Importance of Initial Curing

K Kiran

Senior Member
Sep 9, 2017
42
34
Surat, Gujarat
Concrete is a composite made of different materials such as cement, aggregates, admixtures and water. It sets and hardens as a result of chemical reaction between the constituent materials. Curing is defined in (NRMCA CIP-11) as the maintaining of an adequate moisture content and temperature in concrete at early ages so that it can develop properties the mixture was designed to achieve. Curing begins immediately after placement and finishing so that the concrete may develop the desired strength and durability.

The primary aim of curing is to prevent the loss of moisture from fresh concrete due to evaporation and to maintain the immature concrete moist for a suitable time until it most of hydration reactions have been taken out has attained the desired strength and hardness.

Concrete Curing should start as soon as the placing and finishing process is done (initial Curing) as if the concrete left without curing it will shrink as it dry due to surface tension of the water, drying shrinkage cracks will get developed at the surface of concrete.
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ACI 308 Guide to Curing Concrete

Curing temperature also is an very important issue specially within mass concrete applications The curing period may depend on the properties required of the concrete, the purpose for which it is to be used, and the ambient conditions, i.e the temperature and relative humidity of the surrounding atmosphere.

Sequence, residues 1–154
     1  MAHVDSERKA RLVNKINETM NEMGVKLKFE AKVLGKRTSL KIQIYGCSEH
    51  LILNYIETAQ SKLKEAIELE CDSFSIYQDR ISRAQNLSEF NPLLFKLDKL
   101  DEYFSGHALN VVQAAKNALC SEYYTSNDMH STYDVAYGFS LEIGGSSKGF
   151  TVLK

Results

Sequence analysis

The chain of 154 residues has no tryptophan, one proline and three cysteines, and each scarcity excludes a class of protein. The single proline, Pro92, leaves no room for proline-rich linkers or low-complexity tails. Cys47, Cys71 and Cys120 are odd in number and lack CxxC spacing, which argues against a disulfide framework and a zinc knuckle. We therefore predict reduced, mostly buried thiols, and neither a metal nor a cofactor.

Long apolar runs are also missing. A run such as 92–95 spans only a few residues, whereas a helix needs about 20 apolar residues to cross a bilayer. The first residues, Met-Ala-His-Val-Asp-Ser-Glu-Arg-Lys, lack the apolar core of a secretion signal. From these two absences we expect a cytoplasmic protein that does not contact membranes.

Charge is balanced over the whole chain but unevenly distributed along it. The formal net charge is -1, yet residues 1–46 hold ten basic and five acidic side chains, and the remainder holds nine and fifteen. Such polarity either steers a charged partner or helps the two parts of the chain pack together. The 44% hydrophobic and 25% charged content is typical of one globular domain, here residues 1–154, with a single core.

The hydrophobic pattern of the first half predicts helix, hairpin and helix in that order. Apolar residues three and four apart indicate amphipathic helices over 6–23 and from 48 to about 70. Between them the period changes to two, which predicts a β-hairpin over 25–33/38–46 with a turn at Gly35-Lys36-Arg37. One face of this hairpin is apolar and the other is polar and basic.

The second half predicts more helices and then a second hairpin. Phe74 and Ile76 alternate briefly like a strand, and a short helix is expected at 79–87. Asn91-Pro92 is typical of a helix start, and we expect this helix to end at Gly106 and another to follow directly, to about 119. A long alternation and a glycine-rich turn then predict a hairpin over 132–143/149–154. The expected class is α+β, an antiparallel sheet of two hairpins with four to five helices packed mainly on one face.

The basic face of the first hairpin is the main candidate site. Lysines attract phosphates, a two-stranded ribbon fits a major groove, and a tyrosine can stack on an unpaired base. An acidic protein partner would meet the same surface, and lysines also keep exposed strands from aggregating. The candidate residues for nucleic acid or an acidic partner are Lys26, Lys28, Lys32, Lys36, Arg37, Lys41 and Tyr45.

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ACI 308 Guide to Curing Concrete

Curing is designed primarily to keep the concrete moist, by preventing the loss of moisture from the concrete during the period in which it is gaining strength. Curing may be applied in a number of ways and the most appropriate means of curing may be dictated by the site or the construction method.

  • Curing by preventing excessive loss of moisture from the concrete either by :
  • leaving formwork in place
  • covering the concrete with an impermeable membrane after the formwork has been removed
  • by the application of a suitable chemical curing agent (wax etc)
  • or by a combination of such methods
  • Curing by continuously wetting the exposed surface thereby preventing the loss of moisture from it either by :
  • Spraying or fogging the surface with water are methods typically employed to this end.
  • Submerge the concrete under curing water if possible.

EFFECT OF DURATION OF CURING ON PROPERTIES OF CONCRETE

The strength of concrete is affected by a number of factors, one of which is the length of time for which it is kept moist ” cured“.

Figure 1 illustrates this, comparing the strength (at 180 days) of concrete for which the surfaces have been:

  • Kept moist for 180 days